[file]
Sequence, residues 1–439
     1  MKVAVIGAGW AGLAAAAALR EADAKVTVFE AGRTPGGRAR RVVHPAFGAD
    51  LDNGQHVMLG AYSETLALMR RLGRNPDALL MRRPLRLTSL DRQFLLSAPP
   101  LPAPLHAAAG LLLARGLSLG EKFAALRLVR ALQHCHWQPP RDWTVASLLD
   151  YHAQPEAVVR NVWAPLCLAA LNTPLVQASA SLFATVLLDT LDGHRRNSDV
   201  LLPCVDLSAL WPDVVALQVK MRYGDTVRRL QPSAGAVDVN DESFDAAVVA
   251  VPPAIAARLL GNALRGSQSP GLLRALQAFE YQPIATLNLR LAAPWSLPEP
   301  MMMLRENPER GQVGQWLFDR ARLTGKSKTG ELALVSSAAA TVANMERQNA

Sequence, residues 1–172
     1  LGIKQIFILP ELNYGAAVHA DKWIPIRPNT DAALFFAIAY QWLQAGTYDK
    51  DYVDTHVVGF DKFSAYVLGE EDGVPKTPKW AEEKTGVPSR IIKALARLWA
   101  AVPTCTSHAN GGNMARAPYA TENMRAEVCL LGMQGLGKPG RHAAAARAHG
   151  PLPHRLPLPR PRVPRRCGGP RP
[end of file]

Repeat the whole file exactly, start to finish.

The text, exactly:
Sequence, residues 1–439
     1  MKVAVIGAGW AGLAAAAALR EADAKVTVFE AGRTPGGRAR RVVHPAFGAD
    51  LDNGQHVMLG AYSETLALMR RLGRNPDALL MRRPLRLTSL DRQFLLSAPP
   101  LPAPLHAAAG LLLARGLSLG EKFAALRLVR ALQHCHWQPP RDWTVASLLD
   151  YHAQPEAVVR NVWAPLCLAA LNTPLVQASA SLFATVLLDT LDGHRRNSDV
   201  LLPCVDLSAL WPDVVALQVK MRYGDTVRRL QPSAGAVDVN DESFDAAVVA
   251  VPPAIAARLL GNALRGSQSP GLLRALQAFE YQPIATLNLR LAAPWSLPEP
   301  MMMLRENPER GQVGQWLFDR ARLTGKSKTG ELALVSSAAA TVANMERQNA

Sequence, residues 1–172
     1  LGIKQIFILP ELNYGAAVHA DKWIPIRPNT DAALFFAIAY QWLQAGTYDK
    51  DYVDTHVVGF DKFSAYVLGE EDGVPKTPKW AEEKTGVPSR IIKALARLWA
   101  AVPTCTSHAN GGNMARAPYA TENMRAEVCL LGMQGLGKPG RHAAAARAHG
   151  PLPHRLPLPR PRVPRRCGGP RP